Human Resources for Health and Elderly Care in Asia

April 2018–March 2020

Researchers:

Yuko Tsujita, Japan External Trade Organization, Bangkok, Japan
Maria Reinaruth D. Carlos, Faculty of International Studies, Ryukoku University, Japan
Naomi Hatsukano, Institute of Developing Economics, Japan External Trade Organization, Japan
Osuke Komazawa, Economic Research Institute for ASEAN and East Asia, Japan
Sota Machida, Economic Research Institute for ASEAN and East Asia, Japan
Mita Noveria, Research Center For Population, Indonesian Institute of Sciences (Lipi), Indonesia
Hisaya Oda, College of Policy Science, Ritsumeikan University, Japan
Aswatini Raharto, Research Center For Population, Indonesian Institute of Sciences (Lipi), Indonesia
Yurika Suzuki, Institute of Developing Economics, Japan External Trade Organization, Japan
Patcharawalai Wongboonsin, College of Population Studies, Chulalongkorn University, Thailand

The movement of people across borders in Asia is a key component of deeper economic integration in the region. The effort to facilitate the seamless movement of skilled labor in ASEAN started with mutual recognition arrangements (MRAs) on several professional services that would allow professionals to practice in other ASEAN countries through mutual recognition of their qualifications. However, the ASEAN MRA on nursing services, which was signed and came into force in December 2012, has facilitated the mobility of nurses in only a few countries. While some countries are actively recruiting foreign nurses and care workers, others are regulating foreign workers.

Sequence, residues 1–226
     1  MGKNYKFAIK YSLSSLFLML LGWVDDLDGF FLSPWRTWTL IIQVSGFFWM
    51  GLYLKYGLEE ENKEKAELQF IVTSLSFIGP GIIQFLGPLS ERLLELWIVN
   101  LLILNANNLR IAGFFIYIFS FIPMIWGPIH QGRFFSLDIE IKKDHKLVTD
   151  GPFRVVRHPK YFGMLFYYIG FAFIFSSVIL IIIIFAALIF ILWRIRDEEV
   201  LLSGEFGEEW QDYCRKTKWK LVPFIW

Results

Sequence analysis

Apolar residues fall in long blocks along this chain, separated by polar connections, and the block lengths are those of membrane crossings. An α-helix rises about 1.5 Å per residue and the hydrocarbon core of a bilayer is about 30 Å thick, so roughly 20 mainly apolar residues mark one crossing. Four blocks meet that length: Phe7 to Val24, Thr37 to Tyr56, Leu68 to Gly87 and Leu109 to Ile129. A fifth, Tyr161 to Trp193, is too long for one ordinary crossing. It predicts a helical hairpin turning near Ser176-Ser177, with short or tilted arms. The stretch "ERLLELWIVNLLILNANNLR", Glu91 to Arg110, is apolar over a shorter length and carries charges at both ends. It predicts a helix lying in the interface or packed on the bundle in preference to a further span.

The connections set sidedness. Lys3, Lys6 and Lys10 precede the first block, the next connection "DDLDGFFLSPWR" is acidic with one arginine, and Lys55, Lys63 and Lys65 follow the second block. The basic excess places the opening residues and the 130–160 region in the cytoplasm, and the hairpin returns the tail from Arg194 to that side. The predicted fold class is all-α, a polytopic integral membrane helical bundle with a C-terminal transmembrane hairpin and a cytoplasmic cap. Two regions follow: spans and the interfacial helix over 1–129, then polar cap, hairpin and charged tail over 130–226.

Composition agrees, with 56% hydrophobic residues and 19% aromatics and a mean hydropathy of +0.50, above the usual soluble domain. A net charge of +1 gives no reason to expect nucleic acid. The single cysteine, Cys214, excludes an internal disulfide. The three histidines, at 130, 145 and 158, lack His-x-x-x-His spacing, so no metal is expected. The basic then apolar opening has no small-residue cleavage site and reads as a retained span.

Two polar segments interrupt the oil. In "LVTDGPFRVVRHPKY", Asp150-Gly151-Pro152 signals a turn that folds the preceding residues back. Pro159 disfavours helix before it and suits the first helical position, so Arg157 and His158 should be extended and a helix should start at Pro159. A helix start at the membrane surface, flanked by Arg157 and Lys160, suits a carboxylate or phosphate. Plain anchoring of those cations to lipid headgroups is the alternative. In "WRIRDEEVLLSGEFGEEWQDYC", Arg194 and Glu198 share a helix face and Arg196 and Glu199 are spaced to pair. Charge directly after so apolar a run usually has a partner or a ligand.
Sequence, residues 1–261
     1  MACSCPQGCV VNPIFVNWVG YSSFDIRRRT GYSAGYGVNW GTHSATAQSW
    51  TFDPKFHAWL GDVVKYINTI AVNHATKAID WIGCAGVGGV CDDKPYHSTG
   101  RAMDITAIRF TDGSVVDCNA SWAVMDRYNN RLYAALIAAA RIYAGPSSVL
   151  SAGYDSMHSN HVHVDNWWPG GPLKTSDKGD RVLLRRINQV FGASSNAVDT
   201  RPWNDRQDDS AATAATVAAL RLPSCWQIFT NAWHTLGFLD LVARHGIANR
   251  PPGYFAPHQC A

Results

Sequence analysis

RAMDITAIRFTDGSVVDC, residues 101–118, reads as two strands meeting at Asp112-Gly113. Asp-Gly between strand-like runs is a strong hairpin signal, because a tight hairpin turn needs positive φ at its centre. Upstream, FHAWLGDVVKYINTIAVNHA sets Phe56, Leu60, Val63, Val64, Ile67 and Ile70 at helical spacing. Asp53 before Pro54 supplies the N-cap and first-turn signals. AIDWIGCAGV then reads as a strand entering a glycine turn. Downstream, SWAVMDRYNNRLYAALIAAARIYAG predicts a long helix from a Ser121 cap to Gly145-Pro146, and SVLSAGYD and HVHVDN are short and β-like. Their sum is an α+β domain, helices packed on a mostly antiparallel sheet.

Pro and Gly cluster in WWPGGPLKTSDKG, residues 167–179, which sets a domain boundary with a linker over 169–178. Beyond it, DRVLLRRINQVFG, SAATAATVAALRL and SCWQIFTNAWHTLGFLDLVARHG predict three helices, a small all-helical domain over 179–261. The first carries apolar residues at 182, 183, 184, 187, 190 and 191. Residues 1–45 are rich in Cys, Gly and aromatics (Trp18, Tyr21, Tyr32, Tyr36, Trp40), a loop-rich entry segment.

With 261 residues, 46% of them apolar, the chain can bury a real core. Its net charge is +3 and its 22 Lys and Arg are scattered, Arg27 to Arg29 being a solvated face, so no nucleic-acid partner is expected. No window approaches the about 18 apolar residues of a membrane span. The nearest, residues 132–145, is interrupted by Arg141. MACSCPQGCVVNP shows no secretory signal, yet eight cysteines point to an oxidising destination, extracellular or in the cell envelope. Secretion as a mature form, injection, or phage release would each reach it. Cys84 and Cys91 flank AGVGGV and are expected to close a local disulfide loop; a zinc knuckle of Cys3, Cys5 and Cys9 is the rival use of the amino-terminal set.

This research project examines the case of Filipino, Indonesian, and Indian nurses and care workers to better understand the flow of human resources in the nursing and elderly care sector. In some countries in Asia that have experienced rapid population aging, the elderly are traditionally expected to be taken care by their families. The current demographic, economic, and social transformation, however, hinders some families’ availability and ability to take care of their senior dependents. The countries that are currently receiving foreign nurses, such as Japan and Malaysia, will be compared by analyzing those who are engaged in nursing and elderly care in each society. In addition, Thailand is examined in terms of elderly care, as the country is now rapidly aging.

This research aims to explore a wide range of aspects of human resource development and employment in the nursing and elderly care sector with a focus on foreign nurses and care workers, and is expected to identify the problems, obstacles, and challenges that are limiting the movement of nurses and care workers in the region.

Kiyoko Shiromasa